Turkish pro-government media outlet A Haber has said that the U.K. had "supported" the Jan. 4 protests that took place at Istanbul's Boğaziçi University over President Recep Tayyip Erdoğan's appointment of a rector to the university, and referred to the protests as a “chaos plan.”
A Haber based its report on social media posts shared by BBC reporter Mark Lowen and the Turkey correspondent of the Economist, Piotr Zalewski, with regards to the protests. Lowen and Zalewski had shared images showing the police violence against the students on Jan. 4.
The pro-government media outlet also labeled the students protesting rector Melih Bulu's appointment as “members of the CHP and PKK,” two acronyms used for the main opposition Republican People's Party (CHP) and Kurdistan Workers' Party (PKK).
"BBC and The Economist reporters are giving a serious support to the chaos plan at Boğaziçi University, which also the CHP and PKK show a big interest in. Here is the U.K. hand and chaos plan at Boğaziçi University," read A Haber's report.
It is a frequent attempt of Turkish pro-government media outlets to use the PKK and CHP in the same sentence to create a negative image in the eyes of the public for the latter. They also associate terror groups with protestors whenever an anti-government protest takes place.
During the 2013 Gezi Park protests, pro-government media outlets similarly said that the PKK and FETÖ (being the acronym for the Gülen network) were behind the protests, and labeled the protestors as such. As Turkish political leaders, they repeated the cliche of viewing protestors as tools of a much larger scheme put in place by external powers to destabilize Turkey.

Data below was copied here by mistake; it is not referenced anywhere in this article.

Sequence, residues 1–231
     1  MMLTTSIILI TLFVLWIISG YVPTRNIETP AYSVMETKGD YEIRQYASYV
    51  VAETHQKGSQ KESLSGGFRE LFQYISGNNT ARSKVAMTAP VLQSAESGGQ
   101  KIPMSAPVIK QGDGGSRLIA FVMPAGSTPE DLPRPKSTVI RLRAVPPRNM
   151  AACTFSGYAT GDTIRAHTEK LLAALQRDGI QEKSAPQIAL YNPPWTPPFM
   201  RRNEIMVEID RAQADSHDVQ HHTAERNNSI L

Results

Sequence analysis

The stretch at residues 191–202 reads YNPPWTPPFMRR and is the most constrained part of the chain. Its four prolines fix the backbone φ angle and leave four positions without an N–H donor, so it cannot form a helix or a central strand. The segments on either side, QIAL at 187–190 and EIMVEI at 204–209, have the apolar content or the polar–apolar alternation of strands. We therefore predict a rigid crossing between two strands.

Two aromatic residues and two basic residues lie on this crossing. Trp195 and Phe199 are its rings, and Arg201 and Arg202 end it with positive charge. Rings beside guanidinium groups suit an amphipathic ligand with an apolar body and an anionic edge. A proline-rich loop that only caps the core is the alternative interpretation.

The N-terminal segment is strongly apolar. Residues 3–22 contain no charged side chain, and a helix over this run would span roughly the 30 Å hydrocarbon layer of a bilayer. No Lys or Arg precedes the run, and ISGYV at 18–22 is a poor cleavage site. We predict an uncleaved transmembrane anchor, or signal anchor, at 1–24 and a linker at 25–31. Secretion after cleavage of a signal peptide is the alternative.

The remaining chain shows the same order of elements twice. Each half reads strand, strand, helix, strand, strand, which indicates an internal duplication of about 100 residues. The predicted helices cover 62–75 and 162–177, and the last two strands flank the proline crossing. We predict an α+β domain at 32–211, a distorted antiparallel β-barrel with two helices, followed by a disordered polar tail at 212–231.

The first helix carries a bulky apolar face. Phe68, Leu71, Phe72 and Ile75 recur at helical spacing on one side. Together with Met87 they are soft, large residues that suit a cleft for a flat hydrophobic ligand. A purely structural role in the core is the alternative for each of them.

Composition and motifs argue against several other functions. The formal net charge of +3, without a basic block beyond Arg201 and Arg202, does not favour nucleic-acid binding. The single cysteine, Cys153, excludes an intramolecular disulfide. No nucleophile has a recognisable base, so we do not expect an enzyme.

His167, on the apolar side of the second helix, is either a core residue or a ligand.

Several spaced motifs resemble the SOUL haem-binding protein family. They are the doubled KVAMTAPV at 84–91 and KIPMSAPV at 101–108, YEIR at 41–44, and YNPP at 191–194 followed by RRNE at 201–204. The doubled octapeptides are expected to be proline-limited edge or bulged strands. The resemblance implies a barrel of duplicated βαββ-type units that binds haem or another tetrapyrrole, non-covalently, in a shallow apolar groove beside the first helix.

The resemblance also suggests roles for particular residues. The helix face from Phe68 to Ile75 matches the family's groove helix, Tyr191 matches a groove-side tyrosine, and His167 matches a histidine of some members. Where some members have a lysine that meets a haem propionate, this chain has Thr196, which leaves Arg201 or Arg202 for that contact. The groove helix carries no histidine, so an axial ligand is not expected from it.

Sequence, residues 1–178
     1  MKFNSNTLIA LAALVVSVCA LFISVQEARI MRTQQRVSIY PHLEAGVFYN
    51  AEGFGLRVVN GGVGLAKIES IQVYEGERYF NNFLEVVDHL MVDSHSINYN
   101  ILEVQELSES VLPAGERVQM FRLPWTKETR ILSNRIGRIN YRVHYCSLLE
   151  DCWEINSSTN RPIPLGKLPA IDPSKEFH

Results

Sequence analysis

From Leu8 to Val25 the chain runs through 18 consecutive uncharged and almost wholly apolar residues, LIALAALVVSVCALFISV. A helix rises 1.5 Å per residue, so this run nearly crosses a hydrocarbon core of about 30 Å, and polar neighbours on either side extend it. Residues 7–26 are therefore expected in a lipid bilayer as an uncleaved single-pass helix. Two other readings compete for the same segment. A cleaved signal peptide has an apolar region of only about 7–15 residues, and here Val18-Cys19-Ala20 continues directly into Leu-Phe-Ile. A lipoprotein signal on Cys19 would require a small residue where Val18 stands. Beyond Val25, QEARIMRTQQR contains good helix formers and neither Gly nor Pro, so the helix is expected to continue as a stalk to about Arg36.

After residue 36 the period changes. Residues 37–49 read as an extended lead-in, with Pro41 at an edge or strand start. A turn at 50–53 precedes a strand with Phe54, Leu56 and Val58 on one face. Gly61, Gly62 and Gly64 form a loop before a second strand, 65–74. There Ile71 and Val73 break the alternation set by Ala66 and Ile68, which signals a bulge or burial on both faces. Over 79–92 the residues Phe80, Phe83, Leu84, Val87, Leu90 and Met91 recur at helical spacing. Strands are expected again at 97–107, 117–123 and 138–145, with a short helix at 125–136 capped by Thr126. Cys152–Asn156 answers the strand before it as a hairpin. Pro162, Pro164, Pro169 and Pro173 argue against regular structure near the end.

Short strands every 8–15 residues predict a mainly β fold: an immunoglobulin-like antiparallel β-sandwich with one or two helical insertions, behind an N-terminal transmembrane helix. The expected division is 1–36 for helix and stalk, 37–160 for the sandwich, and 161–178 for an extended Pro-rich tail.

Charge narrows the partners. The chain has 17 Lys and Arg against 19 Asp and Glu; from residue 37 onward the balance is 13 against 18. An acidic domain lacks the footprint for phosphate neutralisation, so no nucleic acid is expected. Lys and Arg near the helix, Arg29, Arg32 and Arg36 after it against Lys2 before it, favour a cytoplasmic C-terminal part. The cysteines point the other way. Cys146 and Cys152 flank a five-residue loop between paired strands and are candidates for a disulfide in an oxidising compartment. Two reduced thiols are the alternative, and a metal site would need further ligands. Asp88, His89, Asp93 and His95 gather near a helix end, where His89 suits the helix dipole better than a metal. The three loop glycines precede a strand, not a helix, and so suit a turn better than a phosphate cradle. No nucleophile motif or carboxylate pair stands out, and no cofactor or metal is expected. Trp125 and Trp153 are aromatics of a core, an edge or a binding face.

For example, newspaper Taksim published a fake interview with CNN‘s Christiane Amanpour in June of 2013, quoting her as saying that CNN had covered the Gezi Park protests on behalf of business interests that wanted to hurt the country’s economy.
On June 18, 2013, Takvim dedicated its cover to the story under the headline “dirty confession,” with a subtitle reporting that Amanpour confessed, “We did everything for money.”
Amanpour at the time expressed her indignation over the newspaper's fake interview, posting on her Twitter account: “Shame on you @Takvim for publishing FAKE interview with me.”
In a separate case, newspaper Yeni Şafak distorted an interview it did with well-known American professor Noam Chomsky in August of 2013. Yeni Şafak later released a statement, admitting to fabricating some sentences in the interview.
Analysts at the time said that these two instances have added to the long list of examples that go well beyond the “journalist irresponsibility” of Turkish pro-government media.